eruption of sound, close to a bark. "Sense of humor--I like
that," he said. "Just remember there's a time and place for
Coach Huff gave Cody a pat on the shoulder, started walking away. He met Clea Weston coming from the other direction,
report card in hand, and nodded to her, but she didn't seem to
notice. Her eyes were on Cody. The sun lit golden sparkles in
her hair, and Cody thought:
The whole summer ahead of us!
And what did he have at this very moment? A full tank of gas. "Let's ride out to Black Rocks," he said. Black Rocks was
an abandoned quarry near the bend in the river, the best swimming for miles around.
"I got a B in calc," Clea said.
"Wow," said Cody. There were two kids taking calc in
the whole school, Clea--a sophomore like Cody--and some
brain in the senior class. No one thought of Clea as a brain.
She was just good at everything: striker on the varsity soccer
team, class president, assistant editor of the lit mag; and the
most beautiful girl in the school--in the whole state, in Cody's
But a real person, as he well knew, capable of annoyance,
for example. When Clea got annoyed, her right eyebrow did
this little fluttering thing, like now. "Wow?" she said. "Yeah," he said. He himself wouldn't ever get as far as calc,
not close. "Pretty awesome."
She shook her head. "I've never had a B."
For a second or two, Cody didn't quite get her meaning;
he'd scored very few Bs himself. Then it hit him. "All As, every
"You never told me."
She shrugged. "My father's going to be pissed." "Come on."
"You don't know him."
Maybe not. He and Clea had been going out since Christmas but didn't spend much time in each other's homes. Clea lived with her dad and stepmom in the nicest house in town, a house that actually had a name instead of a number: Cottonwood. Cody lived with his dad--when his dad was around--in a one-bedroom apartment over the Red Pony, a dim downtown bar his dad--his parents, actually--had owned at one time,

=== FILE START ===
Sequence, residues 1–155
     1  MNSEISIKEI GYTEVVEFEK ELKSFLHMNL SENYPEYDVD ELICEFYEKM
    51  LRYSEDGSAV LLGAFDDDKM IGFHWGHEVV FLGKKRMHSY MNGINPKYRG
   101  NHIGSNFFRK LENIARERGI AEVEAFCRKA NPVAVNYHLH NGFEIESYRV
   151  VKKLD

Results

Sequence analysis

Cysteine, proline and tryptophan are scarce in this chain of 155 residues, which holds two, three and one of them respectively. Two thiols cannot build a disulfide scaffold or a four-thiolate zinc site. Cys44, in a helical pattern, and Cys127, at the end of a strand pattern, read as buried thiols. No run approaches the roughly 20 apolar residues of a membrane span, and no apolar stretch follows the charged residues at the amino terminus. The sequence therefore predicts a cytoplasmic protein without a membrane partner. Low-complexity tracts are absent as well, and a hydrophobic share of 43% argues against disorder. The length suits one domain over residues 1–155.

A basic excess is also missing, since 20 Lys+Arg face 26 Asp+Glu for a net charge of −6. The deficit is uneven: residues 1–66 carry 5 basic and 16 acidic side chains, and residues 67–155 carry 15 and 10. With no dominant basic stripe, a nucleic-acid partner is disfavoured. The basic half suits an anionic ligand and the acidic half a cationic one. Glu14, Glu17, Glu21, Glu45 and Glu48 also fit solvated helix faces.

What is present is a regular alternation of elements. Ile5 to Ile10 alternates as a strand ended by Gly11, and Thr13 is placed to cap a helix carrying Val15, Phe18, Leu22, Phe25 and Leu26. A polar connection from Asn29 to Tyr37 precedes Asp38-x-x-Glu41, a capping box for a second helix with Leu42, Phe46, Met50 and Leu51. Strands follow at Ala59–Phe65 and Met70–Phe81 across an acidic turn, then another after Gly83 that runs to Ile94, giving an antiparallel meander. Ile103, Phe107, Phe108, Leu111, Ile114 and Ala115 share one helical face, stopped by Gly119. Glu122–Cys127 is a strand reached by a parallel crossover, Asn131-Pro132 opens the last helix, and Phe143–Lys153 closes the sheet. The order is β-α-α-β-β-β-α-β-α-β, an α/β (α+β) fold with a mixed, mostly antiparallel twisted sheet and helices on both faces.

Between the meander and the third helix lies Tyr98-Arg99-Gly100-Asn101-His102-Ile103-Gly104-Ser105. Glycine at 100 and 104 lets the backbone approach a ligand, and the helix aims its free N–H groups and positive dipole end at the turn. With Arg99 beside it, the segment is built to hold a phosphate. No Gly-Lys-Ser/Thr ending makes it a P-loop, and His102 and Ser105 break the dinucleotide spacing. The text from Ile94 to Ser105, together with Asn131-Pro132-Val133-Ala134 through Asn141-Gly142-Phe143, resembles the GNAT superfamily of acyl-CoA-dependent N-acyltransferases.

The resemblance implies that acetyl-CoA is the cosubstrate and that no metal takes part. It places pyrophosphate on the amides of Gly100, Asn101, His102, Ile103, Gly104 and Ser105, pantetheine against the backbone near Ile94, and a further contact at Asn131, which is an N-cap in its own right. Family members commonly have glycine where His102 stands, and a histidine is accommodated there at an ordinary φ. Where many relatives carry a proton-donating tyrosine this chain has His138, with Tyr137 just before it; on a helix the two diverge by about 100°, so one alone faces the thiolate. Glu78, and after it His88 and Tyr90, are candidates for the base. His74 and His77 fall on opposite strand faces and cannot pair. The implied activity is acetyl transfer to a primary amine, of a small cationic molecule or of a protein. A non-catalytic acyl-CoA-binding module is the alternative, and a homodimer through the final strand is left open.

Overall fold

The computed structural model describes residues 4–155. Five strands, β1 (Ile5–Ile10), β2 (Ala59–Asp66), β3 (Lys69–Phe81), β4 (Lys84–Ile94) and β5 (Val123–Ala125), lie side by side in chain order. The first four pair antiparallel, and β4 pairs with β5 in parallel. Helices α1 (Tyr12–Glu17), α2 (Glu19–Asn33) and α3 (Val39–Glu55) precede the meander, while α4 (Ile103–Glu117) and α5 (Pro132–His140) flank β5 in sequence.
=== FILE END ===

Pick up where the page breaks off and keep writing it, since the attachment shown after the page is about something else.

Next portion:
back when his mom was alive.
"Then don't tell him," Cody said.
"Don't tell him my grades? Are you serious? He'll ask to
see my report card first thing."
"He will?" Cody's own dad hadn't seen any of his report
cards in years.
"He keeps them all in his desk," Clea said, "going back to
"Whoa," said Cody.
"How did it happen?" Clea said. "I thought I aced the
For a moment tears shone in her eyes, and Clea wasn't a
crier. He'd seen her cry only once or twice, and those had been
mixed-up tears, partly, even mostly, happy. Cody couldn't stand
to see her upset like this, especially about nothing. He handed
her his report card. "Scan this," he said. "You'll feel better." Clea ran her gaze over it. "Oh, Cody," she said, looking up,
laughing a little laugh, like What am I going to do with you?
She reached out, tousled his hair. Cody loved her touch, loved
everything about her.
"What do you think my IQ is?" he said.
"Three thousand," said Clea.
They drove out to Black Rocks. The town they lived in, Little Bend, lay at the western border of hundreds of miles of flatland, the Rockies' foothills in sight. The quarry, abandoned after World War II, stood at the top of a long rise--the first suggestion of the mountains to come--overlooking the town, spread out from that perspective like an open book. Little Bend had a potash mine, owned for two generations by Clea's family, and now a year or two left before being worked out; an ethanol plant, just getting started, owned by investors from Denver and run by Mr. Weston; a base that the Air Force was always threatening to close; and a rodeo every summer that attracted ten thousand paying visitors, sometimes more. A pretty town in a pretty place: almost all the kids at County High hoped to end up somewhere else--Denver, Minneapolis, Seattle, California.